This section is from the book "British Wild Flowers - In Their Natural Haunts Vol5-6", by A. R. Horwood. Also available from Amazon: A British Wild Flowers In Their Natural Haunts.
The habitat of this plant is copses, wet rocky places, damp bushy and stony places. The habit is erect. The stem is branched, tall, with numerous large leaves below, solid, finely furrowed. The leaves are twice or thrice pinnate, with lobes each side of a common stalk, 3-5-lobed, and the stipules have the auricles bent back. The flowers are drooping, in a panicle, with spreading branches. The flower-stalks have spreading branches. The carpels are elliptical. The anthers have a point at the tip. The plant is 2-4 ft. high, and flowers in July and August. It is a herbaceous perennial.
The habitat of this plant is plantations, and the plant is rare. The habit is that of the Wood Anemone, with a horizontal root-stock. The leaves are 5-lobed. The scape bears an involucre of deeply-cut, ternate bracts. The flowers are yellow, drooping, solitary or two together. The 5-7 sepals are elliptic, externally downy. The carpels are downy, pointed, not feathery. The plant is 4-6 in. in height. It flowers in April and May, and is a herbaceous perennial.
This species is an alien introduced from Italy, and scarcely naturalized, being found in plantations. The habit is similar to the last, the rounded rootstock tuberous. The leaves are thrice-ternate, stalked, and deeply cut. The involucre of bracts is similar to the leaves. The flowers are blue, solitary, erect. There are many (10-14) lance-shaped sepals. The carpels are not feathery, but pointed. The Blue Mountain Anemone is 4-6 in. in height. It flowers in April. The plant is a herbaceous perennial.
The habitat of this plant is woods, plantations, and thickets in S. and E. England. The habit is erect. The stems are leafless, smooth below and downy above, below scarred. The leaves are stalked, with lobes arising from a centre, and the lateral ones also lobed, bent back, the lower stalked, the upper leaves having large sheaths and becoming bracts above. The flowers are numerous, green, drooping, the sepals green, blunt, with purple margin. The petals are not as long as the stamens. The follicles are wrinkled and glandular, with an awl-like style. The plant is 1-2 ft. high, and flowers from March to May. It is an evergreen perennial.
In the south of England this plant is naturalized in thickets, and occurs in ornamental plantations, parks, and old gardens. The plant has an erect habit, with a tuberous rhizome or underground stem. The radical leaves are rounded, on long stalks, the lobes 5-7, blunt, deeply cut, the lobes oblong, linear, arising from a common centre or palmate. The stem-leaves are in whorls, and form an involucre of stalkless bracts below the flowers, which are single and yellow, cup-shaped. There are 5-8 oblong sepals, which are petaloid, overlapping and falling. The small petals are clawed, and 2-lipped. There are numerous stamens, longer than the petals. The carpels are stalked, 5-6, the follicles being separate, with numerous egg-shaped seeds. The plant is 4-6 in. in height, flowering from January to April, and is a herbaceous perennial.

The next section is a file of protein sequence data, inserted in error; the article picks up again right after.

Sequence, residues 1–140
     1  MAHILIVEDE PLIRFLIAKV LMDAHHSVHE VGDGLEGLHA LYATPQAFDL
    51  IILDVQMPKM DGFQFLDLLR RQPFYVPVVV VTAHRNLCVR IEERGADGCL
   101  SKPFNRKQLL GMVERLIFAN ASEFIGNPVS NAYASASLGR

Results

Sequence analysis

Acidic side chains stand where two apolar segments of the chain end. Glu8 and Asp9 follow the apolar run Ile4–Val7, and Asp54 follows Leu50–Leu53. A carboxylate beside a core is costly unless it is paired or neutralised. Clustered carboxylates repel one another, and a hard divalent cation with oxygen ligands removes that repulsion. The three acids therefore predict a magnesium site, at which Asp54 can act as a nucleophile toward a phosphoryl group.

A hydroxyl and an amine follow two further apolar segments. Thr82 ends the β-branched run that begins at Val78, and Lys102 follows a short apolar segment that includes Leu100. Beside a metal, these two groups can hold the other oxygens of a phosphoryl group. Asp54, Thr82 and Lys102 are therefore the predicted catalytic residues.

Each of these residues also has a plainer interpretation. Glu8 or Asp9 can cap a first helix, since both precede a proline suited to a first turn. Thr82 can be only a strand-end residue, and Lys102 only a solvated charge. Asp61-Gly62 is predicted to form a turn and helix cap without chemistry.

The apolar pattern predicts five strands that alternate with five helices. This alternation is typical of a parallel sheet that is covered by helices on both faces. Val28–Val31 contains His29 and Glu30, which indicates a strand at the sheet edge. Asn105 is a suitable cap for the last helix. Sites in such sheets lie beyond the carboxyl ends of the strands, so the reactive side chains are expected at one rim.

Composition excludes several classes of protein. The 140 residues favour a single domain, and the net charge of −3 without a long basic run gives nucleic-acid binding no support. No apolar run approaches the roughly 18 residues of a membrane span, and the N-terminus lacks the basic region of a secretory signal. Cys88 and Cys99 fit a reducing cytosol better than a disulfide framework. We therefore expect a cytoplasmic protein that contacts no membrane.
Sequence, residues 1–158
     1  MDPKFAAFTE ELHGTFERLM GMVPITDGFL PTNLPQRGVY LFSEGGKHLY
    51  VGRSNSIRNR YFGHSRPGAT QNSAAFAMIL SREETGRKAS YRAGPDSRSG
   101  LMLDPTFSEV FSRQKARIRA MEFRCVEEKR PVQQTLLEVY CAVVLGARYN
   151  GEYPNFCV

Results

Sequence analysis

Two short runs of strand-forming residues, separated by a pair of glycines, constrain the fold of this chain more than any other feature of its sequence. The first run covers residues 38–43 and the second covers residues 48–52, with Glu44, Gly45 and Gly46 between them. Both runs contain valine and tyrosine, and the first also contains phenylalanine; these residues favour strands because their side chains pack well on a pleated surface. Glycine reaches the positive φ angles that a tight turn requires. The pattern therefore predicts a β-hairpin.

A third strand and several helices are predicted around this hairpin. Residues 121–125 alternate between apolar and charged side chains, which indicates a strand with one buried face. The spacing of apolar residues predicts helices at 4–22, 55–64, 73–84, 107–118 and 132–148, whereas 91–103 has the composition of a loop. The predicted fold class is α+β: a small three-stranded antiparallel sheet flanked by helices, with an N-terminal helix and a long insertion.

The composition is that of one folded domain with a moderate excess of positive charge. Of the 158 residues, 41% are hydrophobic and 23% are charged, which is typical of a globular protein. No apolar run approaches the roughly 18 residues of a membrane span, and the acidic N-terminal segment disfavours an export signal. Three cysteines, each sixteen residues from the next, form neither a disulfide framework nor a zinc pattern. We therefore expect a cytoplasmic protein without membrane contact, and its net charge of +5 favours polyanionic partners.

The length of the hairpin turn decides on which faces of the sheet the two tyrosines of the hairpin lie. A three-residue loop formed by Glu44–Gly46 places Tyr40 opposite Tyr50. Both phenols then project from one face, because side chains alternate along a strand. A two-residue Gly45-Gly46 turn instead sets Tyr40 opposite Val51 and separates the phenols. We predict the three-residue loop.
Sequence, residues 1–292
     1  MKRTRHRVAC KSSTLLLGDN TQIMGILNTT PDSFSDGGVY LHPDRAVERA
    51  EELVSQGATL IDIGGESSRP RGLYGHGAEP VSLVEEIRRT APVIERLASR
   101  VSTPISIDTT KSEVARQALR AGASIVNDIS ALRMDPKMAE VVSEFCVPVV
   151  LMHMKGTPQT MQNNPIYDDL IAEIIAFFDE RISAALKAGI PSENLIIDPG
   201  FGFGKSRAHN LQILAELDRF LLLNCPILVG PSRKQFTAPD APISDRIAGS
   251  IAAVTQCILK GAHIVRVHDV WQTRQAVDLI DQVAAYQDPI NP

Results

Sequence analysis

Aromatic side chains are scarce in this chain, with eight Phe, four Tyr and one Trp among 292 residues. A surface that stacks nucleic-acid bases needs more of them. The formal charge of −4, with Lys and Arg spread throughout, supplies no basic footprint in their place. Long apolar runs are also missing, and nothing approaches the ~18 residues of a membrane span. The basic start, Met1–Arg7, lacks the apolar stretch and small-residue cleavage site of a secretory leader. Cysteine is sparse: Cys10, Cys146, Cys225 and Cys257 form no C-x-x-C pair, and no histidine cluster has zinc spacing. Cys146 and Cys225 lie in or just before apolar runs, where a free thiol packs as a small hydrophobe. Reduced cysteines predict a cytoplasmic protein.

The habitat of this plant is shady places, near streams, banks of rivers and brooks. The habit is tufted. The black root of 2 knobs is spindle-shaped. The stem is erect, simple, slightly downy. The leaves are much divided, with deeply-cut segments arising from a common centre, 3-5-lobed, the upper ones stalkless. The leaf-stalk is enlarged below. The flowers are purple, irregular, in a raceme. The petals small, 2-5, the two upper swollen above, forming spurs which are bent down, horizontal, on long curved stalks, the lip large. The sepals are large, coloured, the upper enclosing the rest and curved back, helmet-shaped. The erect flower-stalks are downy. The filaments are hairy, with blunt-pointed wings, enlarged below. The stamens are numerous, the anthers greenish-black. The carpels are spreading, the follicles (3-5) cylindrical, beaked, and many-seeded, the seeds black, triangular, wrinkled. The plant is 1-2 ft. in height, flowering in June and July, and is a herbaceous perennial.
The habitat of this species is woods, mountainous pastures, mountainous limestone tracts, calcareous woods, copses on limestone. The habit is erect. The stem is simple or branched. The radical leaves are on long stalks, 2-3 ternate, with lobes each side of a common stalk, the leaflets smooth, egg-shaped, 3-lobed, with a long point, coarsely toothed. The flowers are white, in a long simple raceme, the sepals petaloid, blunt, falling, the petals small, as long as the stamens. The flower-stalks are downy. The anther-stalks are swollen above. The berries are black, egg-shaped, many-seeded. The plant is 1-2 ft. high, flowering in May and June, and is a herbaceous perennial.